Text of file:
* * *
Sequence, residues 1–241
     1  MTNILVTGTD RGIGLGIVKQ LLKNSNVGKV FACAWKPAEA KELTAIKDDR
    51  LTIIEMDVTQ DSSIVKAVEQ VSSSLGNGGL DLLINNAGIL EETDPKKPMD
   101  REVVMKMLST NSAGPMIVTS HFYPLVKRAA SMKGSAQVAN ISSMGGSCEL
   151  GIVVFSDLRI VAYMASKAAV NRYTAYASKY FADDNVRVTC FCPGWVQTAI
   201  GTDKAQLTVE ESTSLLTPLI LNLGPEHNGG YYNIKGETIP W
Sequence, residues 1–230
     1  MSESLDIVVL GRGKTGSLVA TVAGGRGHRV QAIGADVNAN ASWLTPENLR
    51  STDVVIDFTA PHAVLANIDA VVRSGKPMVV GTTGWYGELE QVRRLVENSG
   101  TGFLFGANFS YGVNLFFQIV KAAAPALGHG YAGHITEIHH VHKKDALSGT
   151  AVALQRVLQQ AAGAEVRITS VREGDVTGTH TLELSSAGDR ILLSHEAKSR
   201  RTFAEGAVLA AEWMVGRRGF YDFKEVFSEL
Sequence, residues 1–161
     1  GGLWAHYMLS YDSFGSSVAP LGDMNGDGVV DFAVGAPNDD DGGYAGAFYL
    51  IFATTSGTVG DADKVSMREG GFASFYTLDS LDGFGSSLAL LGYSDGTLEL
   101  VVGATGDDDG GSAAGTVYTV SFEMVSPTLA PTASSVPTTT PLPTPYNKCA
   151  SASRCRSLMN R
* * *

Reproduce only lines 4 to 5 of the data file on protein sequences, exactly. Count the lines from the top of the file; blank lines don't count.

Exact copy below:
   101  REVVMKMLST NSAGPMIVTS HFYPLVKRAA SMKGSAQVAN ISSMGGSCEL
   151  GIVVFSDLRI VAYMASKAAV NRYTAYASKY FADDNVRVTC FCPGWVQTAI